Skip to content

Pollo en Salsa de Almendra / Chicken in Almond Sauce, 1937

June 11, 2010
tags:
Cocina práctica, Cover.

Valdes, Ramona. Cocina práctica : pastelería, repostería, salchichonería, helados. México : Ediciones Botas, 1937. Pp. 232-233.

Today, we offer a recipe for chicken in almond sauce with a cinnamon twist from Ramona Valdes, a cooking instructor in Mexico in the 1930s.  Prepare this dish with the soup and arroz con leche from the last two weeks for a weekend feast!

 

Pollo en Salsa de Almendra

Pollo tierno, 1.
Manteca, 100 grs.
Jitomates regulares, 2.
Almendra, 20 piezas.
Canela, 1 rajita.
Clavo, 1.
Pan frío, 25 grs.
Sal y pimienta blanca.

Manera de Hacerse

 

El pollo ya limpio se ata pasando una aguaja gruesa con un cáñamo primero las alas y después el cuadril, se amarra y se pone en una charola de horno con la salsa.

Salsa

En 50 gramos de manteca se fríen las almendras, el pan, canela y clavo, ligeramente, se saca y en la misma grasa se fríen los jitomates partidos en cuartos y sacadas las semillas. Ya frito se muele todo en el metate.

Ya molido se mezcla el resto de la manteca, sal y pimienta y se pone la mitad de la salsa dentro del pollo con lo demás se baña y se pone a horno caliente 50′. **

Se vacía al platón, se le quitan los hilos, se baña con los chícaros cocidos y sazonados y alrededor los jitomates, con la ensalada mixta se sirve caliente.

**En este receta 50′ significa que se debe cocinar el pollo para cincuenta minutos en un horno caliente.  No di una temperatura, pero en general, se debe cocinar un pollo a 350 grados fahrenheit (190 celsius) para un minimo de 20 minutos para cada libra de pollo, más 15 minutos de más.  El pollo esta cocinado cuando una termómetro para carne dice un mimimo de 165 grados fahrenheit (74 celsius).

 

Chicken in Almond Sauce

Tender chicken, 1.
Fat, 100 grams (lard or butter).
Medium-sized tomatoes, 2.
Almonds, 20.
Cinnamon, 1 stick.
Whole Cloves, 1.
Bread, 25 grams.
Salt and white pepper.

Manner of Preparation

After the chicken is cleaned, it should be tied with hemp cord to bind the wings and thighs to the body, and then put into a baking dish with the sauce.

Salsa

In 50 grams of fat, lightly fry the almonds, bread, cinnamon and cloves.  Remove and use the same oil to fry the tomatoes after quartering and seeding them.  Once fried, grind everything together on a metate.

Mix in the rest of the fat, salt and pepper, and put half of the sauce inside the chicken and pour the rest over it.  Place it in a hot oven and cook for about 40 minutes.**

In an empty serving bowl, remove the cords used to bind the chicken, pour seasoned, cooked peas over the top and surround it with tomatoes.  Serve hot with a mixed green salad.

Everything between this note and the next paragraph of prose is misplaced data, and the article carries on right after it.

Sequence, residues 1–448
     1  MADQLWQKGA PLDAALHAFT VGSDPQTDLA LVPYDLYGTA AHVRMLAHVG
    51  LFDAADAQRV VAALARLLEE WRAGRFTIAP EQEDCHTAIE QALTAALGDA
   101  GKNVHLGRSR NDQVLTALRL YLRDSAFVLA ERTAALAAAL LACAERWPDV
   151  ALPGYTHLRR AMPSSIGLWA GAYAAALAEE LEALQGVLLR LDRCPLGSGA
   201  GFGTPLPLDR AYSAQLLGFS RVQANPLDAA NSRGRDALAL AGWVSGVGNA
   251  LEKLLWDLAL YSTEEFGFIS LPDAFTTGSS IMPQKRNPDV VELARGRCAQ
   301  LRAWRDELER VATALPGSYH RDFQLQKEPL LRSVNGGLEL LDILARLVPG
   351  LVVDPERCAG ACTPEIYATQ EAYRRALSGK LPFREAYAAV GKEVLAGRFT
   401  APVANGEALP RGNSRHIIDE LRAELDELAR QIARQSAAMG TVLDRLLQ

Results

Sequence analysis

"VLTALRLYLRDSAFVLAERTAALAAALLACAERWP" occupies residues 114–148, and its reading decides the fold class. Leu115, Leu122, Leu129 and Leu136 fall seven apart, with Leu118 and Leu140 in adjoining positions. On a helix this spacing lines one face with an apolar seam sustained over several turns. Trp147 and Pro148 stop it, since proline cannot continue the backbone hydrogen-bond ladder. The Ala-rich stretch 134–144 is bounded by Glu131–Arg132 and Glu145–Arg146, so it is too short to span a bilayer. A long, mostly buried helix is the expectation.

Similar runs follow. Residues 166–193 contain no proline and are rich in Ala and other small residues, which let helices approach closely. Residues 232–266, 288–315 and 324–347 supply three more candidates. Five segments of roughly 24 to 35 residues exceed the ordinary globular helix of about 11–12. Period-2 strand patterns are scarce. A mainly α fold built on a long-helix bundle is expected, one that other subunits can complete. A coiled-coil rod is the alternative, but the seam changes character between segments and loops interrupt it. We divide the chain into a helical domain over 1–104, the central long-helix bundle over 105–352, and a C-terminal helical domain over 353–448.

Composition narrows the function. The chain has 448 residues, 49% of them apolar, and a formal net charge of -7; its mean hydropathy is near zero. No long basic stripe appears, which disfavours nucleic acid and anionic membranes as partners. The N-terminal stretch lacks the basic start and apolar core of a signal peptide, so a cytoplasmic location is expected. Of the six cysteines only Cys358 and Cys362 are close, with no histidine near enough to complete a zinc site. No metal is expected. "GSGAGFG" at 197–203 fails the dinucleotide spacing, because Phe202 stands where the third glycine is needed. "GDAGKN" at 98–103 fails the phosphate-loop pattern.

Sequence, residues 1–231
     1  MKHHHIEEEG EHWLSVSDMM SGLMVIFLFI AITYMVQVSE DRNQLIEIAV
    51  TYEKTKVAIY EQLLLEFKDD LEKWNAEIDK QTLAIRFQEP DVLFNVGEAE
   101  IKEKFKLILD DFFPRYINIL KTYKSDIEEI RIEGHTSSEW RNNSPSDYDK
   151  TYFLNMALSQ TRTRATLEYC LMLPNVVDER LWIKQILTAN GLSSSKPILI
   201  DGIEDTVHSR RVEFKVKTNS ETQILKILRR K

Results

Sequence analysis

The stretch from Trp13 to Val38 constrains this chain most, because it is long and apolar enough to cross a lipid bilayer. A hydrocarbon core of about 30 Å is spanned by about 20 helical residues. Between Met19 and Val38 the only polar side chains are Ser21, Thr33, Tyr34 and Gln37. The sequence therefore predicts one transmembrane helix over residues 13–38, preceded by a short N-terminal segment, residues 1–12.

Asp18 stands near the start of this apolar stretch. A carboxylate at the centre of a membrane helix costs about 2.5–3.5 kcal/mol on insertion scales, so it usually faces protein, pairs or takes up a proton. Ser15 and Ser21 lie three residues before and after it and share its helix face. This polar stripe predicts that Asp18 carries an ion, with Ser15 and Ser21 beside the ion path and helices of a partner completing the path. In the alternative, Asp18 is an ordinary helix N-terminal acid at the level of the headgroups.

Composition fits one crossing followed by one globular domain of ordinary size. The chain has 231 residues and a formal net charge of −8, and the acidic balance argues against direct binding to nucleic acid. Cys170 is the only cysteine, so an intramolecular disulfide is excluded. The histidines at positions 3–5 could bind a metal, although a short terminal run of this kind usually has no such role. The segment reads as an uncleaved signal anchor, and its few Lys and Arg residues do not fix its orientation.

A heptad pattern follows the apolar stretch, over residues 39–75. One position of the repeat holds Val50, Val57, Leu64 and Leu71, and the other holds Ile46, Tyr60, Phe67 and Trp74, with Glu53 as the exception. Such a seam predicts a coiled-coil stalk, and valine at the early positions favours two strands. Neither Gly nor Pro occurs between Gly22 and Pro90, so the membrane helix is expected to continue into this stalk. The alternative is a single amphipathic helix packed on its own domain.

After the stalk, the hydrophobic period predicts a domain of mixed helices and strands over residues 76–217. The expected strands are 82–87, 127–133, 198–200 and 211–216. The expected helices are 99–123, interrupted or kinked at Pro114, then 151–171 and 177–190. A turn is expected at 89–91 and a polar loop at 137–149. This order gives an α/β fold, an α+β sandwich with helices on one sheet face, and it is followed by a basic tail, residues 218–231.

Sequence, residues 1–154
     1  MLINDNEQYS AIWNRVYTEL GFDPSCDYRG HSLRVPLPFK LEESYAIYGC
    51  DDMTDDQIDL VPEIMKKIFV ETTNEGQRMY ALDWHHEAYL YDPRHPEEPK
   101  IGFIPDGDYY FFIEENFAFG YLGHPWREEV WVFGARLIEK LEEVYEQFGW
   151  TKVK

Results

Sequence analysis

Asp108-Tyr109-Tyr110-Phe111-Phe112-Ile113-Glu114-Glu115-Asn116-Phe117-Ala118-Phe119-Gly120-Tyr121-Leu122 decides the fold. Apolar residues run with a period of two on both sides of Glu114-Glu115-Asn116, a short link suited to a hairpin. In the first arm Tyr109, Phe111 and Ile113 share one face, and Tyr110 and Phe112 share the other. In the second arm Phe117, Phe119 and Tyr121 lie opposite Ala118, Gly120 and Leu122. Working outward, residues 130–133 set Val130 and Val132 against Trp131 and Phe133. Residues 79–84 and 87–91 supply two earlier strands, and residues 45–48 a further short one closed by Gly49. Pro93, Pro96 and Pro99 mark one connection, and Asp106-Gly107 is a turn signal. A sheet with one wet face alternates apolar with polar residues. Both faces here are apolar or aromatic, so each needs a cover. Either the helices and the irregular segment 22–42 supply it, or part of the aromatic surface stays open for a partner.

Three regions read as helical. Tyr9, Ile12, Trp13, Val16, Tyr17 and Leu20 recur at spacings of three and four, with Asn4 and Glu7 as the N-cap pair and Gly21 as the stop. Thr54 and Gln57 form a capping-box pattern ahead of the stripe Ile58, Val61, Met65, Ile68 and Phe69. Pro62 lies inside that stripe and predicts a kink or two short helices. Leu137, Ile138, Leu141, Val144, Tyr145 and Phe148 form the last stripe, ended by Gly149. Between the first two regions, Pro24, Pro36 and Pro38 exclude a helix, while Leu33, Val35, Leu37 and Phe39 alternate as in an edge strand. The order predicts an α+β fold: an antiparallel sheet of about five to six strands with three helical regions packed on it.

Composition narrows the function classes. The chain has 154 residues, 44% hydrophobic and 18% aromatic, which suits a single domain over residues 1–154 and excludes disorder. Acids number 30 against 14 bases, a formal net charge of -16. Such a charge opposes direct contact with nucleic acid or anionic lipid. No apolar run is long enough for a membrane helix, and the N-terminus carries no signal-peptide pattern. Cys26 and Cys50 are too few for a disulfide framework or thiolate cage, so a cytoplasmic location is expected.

**This recipe does not specify a temperature, but in general, a whole chicken should be roasted at 350 degrees fahrenheit for 20 minutes per pound of chicken, plus 15 minutes extra.  Regardless of temperature or duration, the chicken should be considered done only when a meat thermometer reads at least 165 degrees fahrenheit (74 degrees celsius).

Cocina práctica, Pp. 232-233.

Cocina práctica, Pp. 232-233.

2 Comments leave one →
  1. Ruben Infante permalink
    January 7, 2011 3:01 am

    Art:
    As you can read from old books , how basic foods were prepared.
    I have one or two cookbooks that Mom had from Mexico.
    I will try the arroz on lech, I have a Cuban combination with rum added to the arroz.
    Keep up the work .
    Keep in touch
    Uncle Jr.

Leave a Reply

Fill in your details below or click an icon to log in:

WordPress.com Logo

You are commenting using your WordPress.com account. Log Out / Change )

Twitter picture

You are commenting using your Twitter account. Log Out / Change )

Facebook photo

You are commenting using your Facebook account. Log Out / Change )

Google+ photo

You are commenting using your Google+ account. Log Out / Change )

Connecting to %s

The Culinary Curator

Being a Journal of Narratives and Discoveries

Feast of the Centuries

Cooking throughout the Ages

Cynthia D. Bertelsen's Gherkins & Tomatoes

A Writer's Musings on History and Culture

What's Cookin' @ Special Collections?!

Special Collections @ Virginia Tech Culinary History Blog

%d bloggers like this: